What do you think the future of coffee farming looks like?
We won’t manage to save every single smallholder and transform them into super-efficient Brazilian-style farmers. It’s not going to happen unfortunately. There’s also a very real consideration about whether it’s desirable to use the world’s resources to support inefficient smallholders as opposed to doing larger scale agriculture. That’s a debate that needs to be had. The sustainability movement, like any industry, tends to perpetuate its own mantras and become increasingly narrow in its focus. As an industry, and in partnership with governments and public sector programs, we need to find ways to transition some farmers off the land and into other activities. A lot of research suggests that many smallholder farmers only stay on the land because they feel trapped and have few alternatives.
At the same time, our programs do demonstrate that you can double the yields of an inefficient farmer within a year if the farmer implements what they’re taught. And they can probably triple or increase yields by five times over the next three to five years if they follow through on it. All over East Africa there are striking disparities between the productivity of committed and uncommitted farmers, often living side by side.
But beyond that, I think we’re probably a bit too focused in general on productivity. The productivity game feels like a quicker win. But the long-term future for farmers in East Africa is better quality not just more coffee. And I guess the reason that we’re sort of in that trap—for want of a better word—of still focusing on productivity, is that we still haven’t found a solution to the question: “What do we do with those farmers who will probably have to exit the business?”
How does Sucafina fit into Kahawatu’s supply-chain?
First of all, it’s important to note that the foundation was initiated by Sucafina in 2012 and is now independent. Even though Nicolas Tamari, CEO of Sucafina, is the President of the board of directors at the foundation, the rest of the board is made up of both non-coffee and coffee members, some of whom are roasters and traders themselves. Sucafina contributes part of the Foundation’s operating budget every year. The rest is raised through donor programs and partnerships.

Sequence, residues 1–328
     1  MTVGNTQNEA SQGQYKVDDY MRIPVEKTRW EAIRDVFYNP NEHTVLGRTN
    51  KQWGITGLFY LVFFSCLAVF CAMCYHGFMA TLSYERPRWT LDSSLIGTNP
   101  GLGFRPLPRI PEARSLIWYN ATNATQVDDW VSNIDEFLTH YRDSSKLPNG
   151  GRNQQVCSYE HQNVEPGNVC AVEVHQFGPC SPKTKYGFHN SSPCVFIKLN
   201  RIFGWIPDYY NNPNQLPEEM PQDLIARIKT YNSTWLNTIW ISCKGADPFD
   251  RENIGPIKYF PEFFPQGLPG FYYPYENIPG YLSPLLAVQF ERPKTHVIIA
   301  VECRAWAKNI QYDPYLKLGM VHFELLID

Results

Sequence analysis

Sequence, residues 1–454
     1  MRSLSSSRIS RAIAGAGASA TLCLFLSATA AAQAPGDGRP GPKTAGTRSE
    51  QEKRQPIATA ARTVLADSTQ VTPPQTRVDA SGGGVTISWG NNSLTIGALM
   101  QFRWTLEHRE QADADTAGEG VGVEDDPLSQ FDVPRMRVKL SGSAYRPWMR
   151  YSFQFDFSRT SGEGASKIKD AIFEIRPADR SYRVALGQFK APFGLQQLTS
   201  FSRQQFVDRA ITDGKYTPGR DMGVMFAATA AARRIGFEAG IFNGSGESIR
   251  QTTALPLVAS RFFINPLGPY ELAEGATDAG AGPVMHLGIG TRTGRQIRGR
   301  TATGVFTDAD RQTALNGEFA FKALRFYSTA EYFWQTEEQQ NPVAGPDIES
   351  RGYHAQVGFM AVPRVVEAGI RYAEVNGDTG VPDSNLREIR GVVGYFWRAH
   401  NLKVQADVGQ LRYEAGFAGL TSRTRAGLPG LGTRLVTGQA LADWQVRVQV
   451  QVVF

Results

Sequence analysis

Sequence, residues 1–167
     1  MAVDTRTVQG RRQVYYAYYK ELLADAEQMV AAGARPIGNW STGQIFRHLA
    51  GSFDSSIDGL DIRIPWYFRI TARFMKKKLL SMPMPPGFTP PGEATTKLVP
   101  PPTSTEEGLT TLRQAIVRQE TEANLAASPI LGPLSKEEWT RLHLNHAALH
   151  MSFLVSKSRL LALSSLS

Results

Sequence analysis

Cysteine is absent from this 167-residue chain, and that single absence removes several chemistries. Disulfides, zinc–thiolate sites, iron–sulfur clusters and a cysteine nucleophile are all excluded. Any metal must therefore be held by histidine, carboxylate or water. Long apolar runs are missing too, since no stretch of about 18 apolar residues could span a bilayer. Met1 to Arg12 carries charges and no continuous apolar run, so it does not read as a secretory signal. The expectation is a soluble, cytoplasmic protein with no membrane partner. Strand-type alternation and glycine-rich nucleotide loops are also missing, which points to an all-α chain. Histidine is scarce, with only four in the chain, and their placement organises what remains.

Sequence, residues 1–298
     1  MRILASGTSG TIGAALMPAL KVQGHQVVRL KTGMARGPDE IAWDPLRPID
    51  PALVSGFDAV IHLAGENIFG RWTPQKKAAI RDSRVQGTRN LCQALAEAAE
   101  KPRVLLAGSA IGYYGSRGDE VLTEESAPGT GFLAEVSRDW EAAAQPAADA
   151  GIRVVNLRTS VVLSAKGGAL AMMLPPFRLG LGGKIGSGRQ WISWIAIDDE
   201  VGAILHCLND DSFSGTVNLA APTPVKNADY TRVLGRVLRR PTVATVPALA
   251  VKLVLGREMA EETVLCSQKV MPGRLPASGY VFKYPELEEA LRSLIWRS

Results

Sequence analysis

At the same time, I think it’s crucial, based on experience, to have an off-taker in the supply chain. Unless you have some sort of market outlet for the farmers, it’s very hard to speak about true sustainability. The whole engagement with farmers is rewarding considering all that we are doing with training and capacity building.
What can roasters and importers do to support sustainability efforts?
I think there’s an unfair burden placed on the farmer and the trader to address sustainability. Whether you are Sucafina or whether you are a farmer, the reality is that both operate at the extreme end of the supply chain where margins are very, very thin and there’s a lot of risk. The brands and the consumers will demand action on certain sustainability objectives but won’t necessarily pay for them. If brands want sustainability, then their consumers have to pay more for coffee. It’s that simple. And those price incentives need to filter back down through the supply chain.
At the same time, I think that roasters don’t do enough to educate consumers on the major issues affecting the supply chain. My guess is that most consumers assume that as long as their coffee has a sustainable logo on the packet, then somehow amazing things are happening in the background and farmers are living a good life. In this sense, much of the current sustainability movement in coffee is being used a defensive strategy for brands but is not yet a game changer for farmer livelihoods. The second issue is that roasters don’t do enough to convince their customers to consume good quality coffee. If we have more people consuming great but rare East African coffees as opposed to cheaper, lower quality, Vietnamese or Brazilian blends then the coffee world would be a much happier place.